Ayatollah Ali Khamenei, the Iranian supreme leader, blamed “enemies” of Iran on Tuesday for protests that have left more than 20 people dead, in his first comments since the unrest started last week.
US President Donald expressed support for the anti-government activists while criticising the approach taken by his predecessor, Barack Obama.
Protesters in Iran hit the streets for a fifth day on Monday, criticizing the economy and lack of political freedoms from the Islamic leadership in Tehran. While President Hassan Rouhani called for calm, Iran security forces have arrested people and are vowing further crackdowns.
At least 20 people have died and 450 people arrested in clashes between police and protesters.
The Supreme Leader Ayatollah Khomeini accused the country’s enemies of seeking “to create problems for the Islamic system”.
Khamenei, who has been a target of the protesters, did not specify which individuals or countries he was referring to, saying he would “speak to the dear people when the time is right.”
“In recent events, enemies of Iran have allied & used the various means they possess, including money, weapons, politics & intelligence services, to trouble the Islamic Republic,” said a post in English on Khamenei’s Twitter account. “The enemy is always looking for an opportunity & any crevice to infiltrate & strike the Iranian nation.”
“The people of Iran are finally acting against the brutal and corrupt Iranian regime,” Trump tweeted two hours after Khamenei’s tweet. He had just returned to the White House from an end-of-the-year vacation at his Mar-a-Lago estate in Palm Beach, Florida.
Objecting to the nuclear agreement that the Obama administration struck with Iran in 2015, Trump went on to say that “all of the money that President Obama so foolishly gave them went into terrorism and into their ‘pockets.’ The people have little food, big inflation and no human rights. The US is watching!”
Amid similar protests on Iranian streets that were crushed by the Islamic regime in 2009, Obama did back demonstrators’ demands for a more open society, and condemned violence perpetrated by the government. But he did so in a more low-key way, concerned that the Iran regime would accuse the United States of meddling in the country’s affairs and mount an anti-American campaign to rally its supporters.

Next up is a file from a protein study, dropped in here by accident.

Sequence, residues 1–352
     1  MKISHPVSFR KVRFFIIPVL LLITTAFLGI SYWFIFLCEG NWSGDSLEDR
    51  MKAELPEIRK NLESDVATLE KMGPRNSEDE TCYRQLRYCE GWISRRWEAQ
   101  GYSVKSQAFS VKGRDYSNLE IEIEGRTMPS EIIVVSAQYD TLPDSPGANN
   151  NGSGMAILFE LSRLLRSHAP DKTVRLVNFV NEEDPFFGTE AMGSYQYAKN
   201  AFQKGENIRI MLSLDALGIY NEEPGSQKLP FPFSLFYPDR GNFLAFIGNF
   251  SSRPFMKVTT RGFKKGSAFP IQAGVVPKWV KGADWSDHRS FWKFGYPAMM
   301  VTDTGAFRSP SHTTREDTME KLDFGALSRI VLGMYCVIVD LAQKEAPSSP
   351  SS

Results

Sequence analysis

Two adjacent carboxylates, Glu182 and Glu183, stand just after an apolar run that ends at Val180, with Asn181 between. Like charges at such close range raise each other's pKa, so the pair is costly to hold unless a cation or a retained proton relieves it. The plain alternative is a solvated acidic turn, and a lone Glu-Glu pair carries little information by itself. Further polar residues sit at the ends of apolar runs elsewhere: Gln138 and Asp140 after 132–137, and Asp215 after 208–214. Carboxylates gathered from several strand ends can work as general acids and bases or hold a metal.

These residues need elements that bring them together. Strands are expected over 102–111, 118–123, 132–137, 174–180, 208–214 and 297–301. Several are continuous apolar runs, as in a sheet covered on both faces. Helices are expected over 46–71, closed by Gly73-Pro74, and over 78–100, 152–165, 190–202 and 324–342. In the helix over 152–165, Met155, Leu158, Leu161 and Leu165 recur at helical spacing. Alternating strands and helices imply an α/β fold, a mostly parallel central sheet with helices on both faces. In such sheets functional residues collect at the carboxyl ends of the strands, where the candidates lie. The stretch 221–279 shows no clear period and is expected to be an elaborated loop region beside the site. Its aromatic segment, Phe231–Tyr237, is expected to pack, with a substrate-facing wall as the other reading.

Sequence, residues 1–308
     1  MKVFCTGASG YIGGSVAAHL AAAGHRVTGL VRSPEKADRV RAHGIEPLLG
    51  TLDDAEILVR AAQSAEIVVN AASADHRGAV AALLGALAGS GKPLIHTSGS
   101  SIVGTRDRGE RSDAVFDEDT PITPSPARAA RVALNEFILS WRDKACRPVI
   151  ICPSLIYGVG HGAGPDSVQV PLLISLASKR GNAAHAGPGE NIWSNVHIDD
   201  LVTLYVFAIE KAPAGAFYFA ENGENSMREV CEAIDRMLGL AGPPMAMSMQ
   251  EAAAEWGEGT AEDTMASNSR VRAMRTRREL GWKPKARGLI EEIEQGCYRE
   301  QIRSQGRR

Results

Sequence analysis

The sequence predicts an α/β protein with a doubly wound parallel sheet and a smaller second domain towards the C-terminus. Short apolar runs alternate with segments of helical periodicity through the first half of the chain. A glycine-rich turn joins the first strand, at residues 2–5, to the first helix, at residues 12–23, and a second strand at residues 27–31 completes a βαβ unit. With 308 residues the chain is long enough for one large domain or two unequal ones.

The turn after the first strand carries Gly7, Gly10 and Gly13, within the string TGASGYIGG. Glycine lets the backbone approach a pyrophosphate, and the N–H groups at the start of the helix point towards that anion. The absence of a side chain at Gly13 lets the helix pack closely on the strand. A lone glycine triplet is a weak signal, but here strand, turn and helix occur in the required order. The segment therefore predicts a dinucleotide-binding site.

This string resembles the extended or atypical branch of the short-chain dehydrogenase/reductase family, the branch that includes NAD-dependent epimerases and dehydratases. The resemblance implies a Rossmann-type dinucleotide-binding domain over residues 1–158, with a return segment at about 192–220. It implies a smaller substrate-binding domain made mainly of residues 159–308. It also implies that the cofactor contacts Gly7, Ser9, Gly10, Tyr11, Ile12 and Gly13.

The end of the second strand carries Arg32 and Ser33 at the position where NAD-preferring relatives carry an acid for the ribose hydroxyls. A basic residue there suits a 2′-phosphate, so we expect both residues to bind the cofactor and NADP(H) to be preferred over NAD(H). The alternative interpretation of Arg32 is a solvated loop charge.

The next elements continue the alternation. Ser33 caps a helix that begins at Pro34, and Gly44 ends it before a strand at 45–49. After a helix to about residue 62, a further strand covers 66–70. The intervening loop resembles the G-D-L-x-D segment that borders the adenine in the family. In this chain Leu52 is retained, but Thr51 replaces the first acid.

“I want to start off by being very clear that it is up to Iranians to make decisions about who Iran’s leaders will be, that we respect Iranian sovereignty,” Obama told reporters in 2009, adding that “sometimes the United States can be a handy political football.”
Bahram Qasemi, a spokesman for the Foreign Ministry, described Trump’s comments as insulting, useless and counterproductive, the state news media reported.
“It is better for him to try to address the internal issues, like the murder of scores killed on a daily basis in the United States during armed clashes and shootings, as well as millions of the homeless and hungry people in the country,” Qasemi said, according to the state-run news agency IRNA.
The protests are the largest in Iran since 2009, during the so-called Green Movement, which took place after the election of the hard-line leader Mahmoud Ahmadinejad and transitioned into a wider protest against the country’s leadership.
The latest demonstrations, which largely seemed to come out of nowhere and have surprised the authorities with their size and intensity, appear to be rooted in anger toward President Hassan Rouhani, who is regarded as a moderate, and his inability to bring change to an economy that has long suffered under the weight of sanctions.
As the protests have continued, however, they have taken on a political bent directed at the establishment, with demonstrators calling for the death of Rouhani and Khamenei.
Rouhani has tried to acknowledge the protesters’ complaints, asking them to avoid violence while saying they had a right to be heard, but others in the government have called for a firmer response.
THE BANGKOK POST
3 Jan 2018 at 01:39
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